The Shadow Pandemic of COVID-19: Intimate Partner Violence

woman sitting looking out the window into a city

Starting in March 2020, COVID-19 containment measures, including shelter-in-place orders, the closing of schools, and widespread financial insecurity, led public health experts and advocates to warn of “shadow pandemics” within the social determinants of health. With upended local resources, fractured community networks, and rapidly changing family life, it was easy to envision how new tensions and ongoing stressors would lead to adverse social outcomes. 

One of the largest areas of concern was the increased risk for violence in the home, especially intimate partner violence (IPV). 

Now, 19 months later, scientists are still investigating the scope of the IPV pandemic. Past studies looking at changes in IPV within communities that experienced disasters (like hurricanes or flooding) suggested increased severity of abuse-related injuries, as well as increased rates of violence, sometimes as much as 50% higher than before the disaster. With the prolonged and shifting trajectory of COVID-19, comparison to past disaster events is imperfect, and many worry that the impact of increasing social isolation, financial stressors, and loss of access to community-based services may drive current rates of IPV even higher.

That said, even prior to 2020, we were experiencing an IPV crisis. Before the pandemic, it was estimated that 1 in 4 women and 1 in 9 men in the United States would experience IPV in their lifetimes. And every year more than 5 million children were exposed to IPV in their homes. The lifelong mental, physical, and financial impact of these events is well studied, multi-faceted and deeply concerning.  

This October, as we acknowledge Domestic Violence Awareness Month, we highlight the lifesaving services and resources available to survivors on both a local and national level, and programs working to create accountability and support change with people who act abusively. IPV agencies faced similar and unique challenges during the pandemic as we were limited to virtual engagement options. It is critical for providers and our community to know that IPV agencies have adapted to our new virtual space and offer services, information and evaluations in secure online platforms. Shelters have expanded capacity while still maintaining COVID-19 safety measures.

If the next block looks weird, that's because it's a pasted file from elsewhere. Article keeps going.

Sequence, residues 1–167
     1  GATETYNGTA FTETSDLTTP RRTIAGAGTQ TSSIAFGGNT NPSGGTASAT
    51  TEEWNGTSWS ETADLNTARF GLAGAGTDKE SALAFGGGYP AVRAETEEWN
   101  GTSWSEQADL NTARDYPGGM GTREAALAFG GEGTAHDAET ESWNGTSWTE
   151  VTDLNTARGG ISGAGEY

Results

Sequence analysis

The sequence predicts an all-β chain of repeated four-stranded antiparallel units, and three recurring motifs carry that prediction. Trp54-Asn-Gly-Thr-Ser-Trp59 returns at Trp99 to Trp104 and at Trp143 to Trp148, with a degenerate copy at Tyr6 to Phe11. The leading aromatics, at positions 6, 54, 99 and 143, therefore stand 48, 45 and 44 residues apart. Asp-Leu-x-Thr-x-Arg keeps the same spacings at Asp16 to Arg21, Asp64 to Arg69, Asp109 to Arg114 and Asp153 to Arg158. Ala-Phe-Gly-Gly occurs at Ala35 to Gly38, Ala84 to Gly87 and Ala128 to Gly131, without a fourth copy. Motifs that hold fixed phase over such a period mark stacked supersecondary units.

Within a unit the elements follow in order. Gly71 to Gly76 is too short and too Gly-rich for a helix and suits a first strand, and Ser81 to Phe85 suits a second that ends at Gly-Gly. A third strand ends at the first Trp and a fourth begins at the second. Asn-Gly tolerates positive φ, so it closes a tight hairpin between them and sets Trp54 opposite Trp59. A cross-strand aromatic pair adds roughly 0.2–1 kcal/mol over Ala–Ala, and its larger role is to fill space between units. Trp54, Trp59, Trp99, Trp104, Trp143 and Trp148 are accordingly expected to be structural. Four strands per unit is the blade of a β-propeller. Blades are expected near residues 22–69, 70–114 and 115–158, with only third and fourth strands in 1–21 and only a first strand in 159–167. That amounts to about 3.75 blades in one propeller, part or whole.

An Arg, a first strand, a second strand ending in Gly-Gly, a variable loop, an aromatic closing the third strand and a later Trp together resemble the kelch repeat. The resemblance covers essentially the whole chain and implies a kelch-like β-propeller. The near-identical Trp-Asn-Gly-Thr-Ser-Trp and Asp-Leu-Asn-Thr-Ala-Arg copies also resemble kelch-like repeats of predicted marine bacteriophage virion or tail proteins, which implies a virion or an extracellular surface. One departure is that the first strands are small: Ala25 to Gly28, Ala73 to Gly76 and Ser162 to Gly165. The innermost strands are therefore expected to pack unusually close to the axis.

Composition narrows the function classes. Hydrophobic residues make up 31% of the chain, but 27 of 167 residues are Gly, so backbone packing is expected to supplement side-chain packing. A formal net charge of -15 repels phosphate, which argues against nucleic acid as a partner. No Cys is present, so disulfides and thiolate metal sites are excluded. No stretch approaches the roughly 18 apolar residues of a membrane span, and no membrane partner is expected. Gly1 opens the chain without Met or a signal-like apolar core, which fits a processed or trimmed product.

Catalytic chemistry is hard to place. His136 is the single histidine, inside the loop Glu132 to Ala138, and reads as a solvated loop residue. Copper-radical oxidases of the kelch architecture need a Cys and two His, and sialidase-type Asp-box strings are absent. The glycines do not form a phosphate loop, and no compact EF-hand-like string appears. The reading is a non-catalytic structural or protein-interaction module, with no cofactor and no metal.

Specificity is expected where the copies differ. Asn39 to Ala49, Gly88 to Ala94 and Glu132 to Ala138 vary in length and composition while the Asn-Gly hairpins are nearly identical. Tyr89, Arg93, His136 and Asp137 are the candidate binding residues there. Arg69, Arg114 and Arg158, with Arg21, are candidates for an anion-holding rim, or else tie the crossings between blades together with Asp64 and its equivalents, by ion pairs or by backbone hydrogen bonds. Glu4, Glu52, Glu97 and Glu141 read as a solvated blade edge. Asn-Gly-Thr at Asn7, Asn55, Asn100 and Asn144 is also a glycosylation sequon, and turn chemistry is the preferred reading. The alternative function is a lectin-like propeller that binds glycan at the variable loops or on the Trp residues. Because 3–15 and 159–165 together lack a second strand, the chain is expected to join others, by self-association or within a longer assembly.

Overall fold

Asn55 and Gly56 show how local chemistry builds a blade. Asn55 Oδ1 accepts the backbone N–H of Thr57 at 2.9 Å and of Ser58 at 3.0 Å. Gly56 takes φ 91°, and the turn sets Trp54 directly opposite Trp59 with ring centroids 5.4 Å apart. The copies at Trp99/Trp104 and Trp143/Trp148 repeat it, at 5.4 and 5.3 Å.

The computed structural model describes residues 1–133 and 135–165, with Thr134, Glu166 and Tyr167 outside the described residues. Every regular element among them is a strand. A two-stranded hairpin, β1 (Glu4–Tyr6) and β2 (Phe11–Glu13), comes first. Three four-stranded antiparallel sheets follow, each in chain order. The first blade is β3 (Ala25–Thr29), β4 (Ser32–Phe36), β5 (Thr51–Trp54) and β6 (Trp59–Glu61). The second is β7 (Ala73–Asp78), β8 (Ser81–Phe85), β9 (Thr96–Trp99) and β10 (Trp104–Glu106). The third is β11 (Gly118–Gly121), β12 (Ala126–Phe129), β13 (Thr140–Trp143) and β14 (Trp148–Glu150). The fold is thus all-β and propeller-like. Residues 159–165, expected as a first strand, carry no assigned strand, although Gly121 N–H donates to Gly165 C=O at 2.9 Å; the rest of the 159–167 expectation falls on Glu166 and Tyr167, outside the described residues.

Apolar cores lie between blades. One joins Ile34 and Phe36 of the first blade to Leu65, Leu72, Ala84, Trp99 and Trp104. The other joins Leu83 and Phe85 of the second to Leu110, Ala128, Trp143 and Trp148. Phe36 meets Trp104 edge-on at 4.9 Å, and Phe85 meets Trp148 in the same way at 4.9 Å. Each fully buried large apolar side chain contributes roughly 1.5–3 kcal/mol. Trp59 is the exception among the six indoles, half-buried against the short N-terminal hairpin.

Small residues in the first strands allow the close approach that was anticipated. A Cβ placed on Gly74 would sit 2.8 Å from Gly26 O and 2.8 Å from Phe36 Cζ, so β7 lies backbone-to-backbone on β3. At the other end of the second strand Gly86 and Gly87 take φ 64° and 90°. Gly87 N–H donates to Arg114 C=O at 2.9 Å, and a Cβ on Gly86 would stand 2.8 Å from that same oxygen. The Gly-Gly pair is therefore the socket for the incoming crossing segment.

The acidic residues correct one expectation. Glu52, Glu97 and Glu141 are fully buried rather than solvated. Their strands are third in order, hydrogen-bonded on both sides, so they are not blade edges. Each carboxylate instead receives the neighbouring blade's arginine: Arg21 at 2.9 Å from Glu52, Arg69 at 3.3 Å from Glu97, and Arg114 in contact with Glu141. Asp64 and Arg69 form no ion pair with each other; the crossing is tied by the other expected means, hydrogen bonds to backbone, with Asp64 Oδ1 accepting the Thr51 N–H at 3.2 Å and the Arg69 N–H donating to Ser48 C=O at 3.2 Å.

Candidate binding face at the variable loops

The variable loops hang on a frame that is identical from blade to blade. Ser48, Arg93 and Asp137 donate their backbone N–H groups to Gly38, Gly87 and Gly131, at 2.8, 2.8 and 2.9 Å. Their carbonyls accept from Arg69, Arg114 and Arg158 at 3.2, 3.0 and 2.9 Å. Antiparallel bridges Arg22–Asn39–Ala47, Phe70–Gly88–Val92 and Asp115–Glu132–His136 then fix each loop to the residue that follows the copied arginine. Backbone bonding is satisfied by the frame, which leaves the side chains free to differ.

If you need help you can reach out to the Philadelphia Domestic Violence Hotline at 1-866-SAFE-014 [1-866-723-3014]; or the National Domestic Violence Hotline at 1-800-799-7233 (SAFE) or 1-800-787-3224 (TTY).

If you are seeking ways to help support those at risk for IPV, you can donate to local IPV service agencies (see local Philadelphia agencies below); vote for representatives who advocate for models of empowerment, upstream drivers of risk, and individual and family supports; recognize the prevalence and your role in leveraging clinical resources to better identify and respond to the needs in our community; and support research that helps us define best practices. 

https://www.lutheransettlement.org/get-involved/how-to-donate/

https://www.helpwomen.org/donations-support

https://www.womenagainstabuse.org/donate

https://www.congreso.net/get-involved/donate/

https://www.courdea.org/

Regardless of the future of COVID-19, services are still here and have found ways to adapt to both virtual and in-person access. If you or someone you know is experiencing IPV, you are not alone. 



Dr. Rachel Kishton is an assistant professor in the Department of Family Medicine and Community Health at the University of Pennsylvania. Tony Lapp is a social worker and the executive director of Courdea (formerly Menergy). Dr. Peter Cronholm is an associate professor, vice chair for Research, and the director of the Mixed Methods Research Lab in the Department of Family Medicine and Community Health at the University of Pennsylvania, as well as a faculty scholar at PolicyLab.